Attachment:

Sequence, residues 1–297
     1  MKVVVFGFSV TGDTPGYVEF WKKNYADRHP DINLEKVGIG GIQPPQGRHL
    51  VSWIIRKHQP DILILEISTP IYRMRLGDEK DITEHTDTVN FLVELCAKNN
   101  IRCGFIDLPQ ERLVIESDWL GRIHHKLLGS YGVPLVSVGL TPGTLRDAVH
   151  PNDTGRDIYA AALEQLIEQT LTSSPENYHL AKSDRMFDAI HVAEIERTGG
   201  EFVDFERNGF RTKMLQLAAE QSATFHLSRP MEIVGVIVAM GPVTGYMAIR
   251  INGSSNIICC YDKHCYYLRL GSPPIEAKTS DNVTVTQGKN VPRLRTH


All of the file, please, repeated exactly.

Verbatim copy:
Sequence, residues 1–297
     1  MKVVVFGFSV TGDTPGYVEF WKKNYADRHP DINLEKVGIG GIQPPQGRHL
    51  VSWIIRKHQP DILILEISTP IYRMRLGDEK DITEHTDTVN FLVELCAKNN
   101  IRCGFIDLPQ ERLVIESDWL GRIHHKLLGS YGVPLVSVGL TPGTLRDAVH
   151  PNDTGRDIYA AALEQLIEQT LTSSPENYHL AKSDRMFDAI HVAEIERTGG
   201  EFVDFERNGF RTKMLQLAAE QSATFHLSRP MEIVGVIVAM GPVTGYMAIR
   251  INGSSNIICC YDKHCYYLRL GSPPIEAKTS DNVTVTQGKN VPRLRTH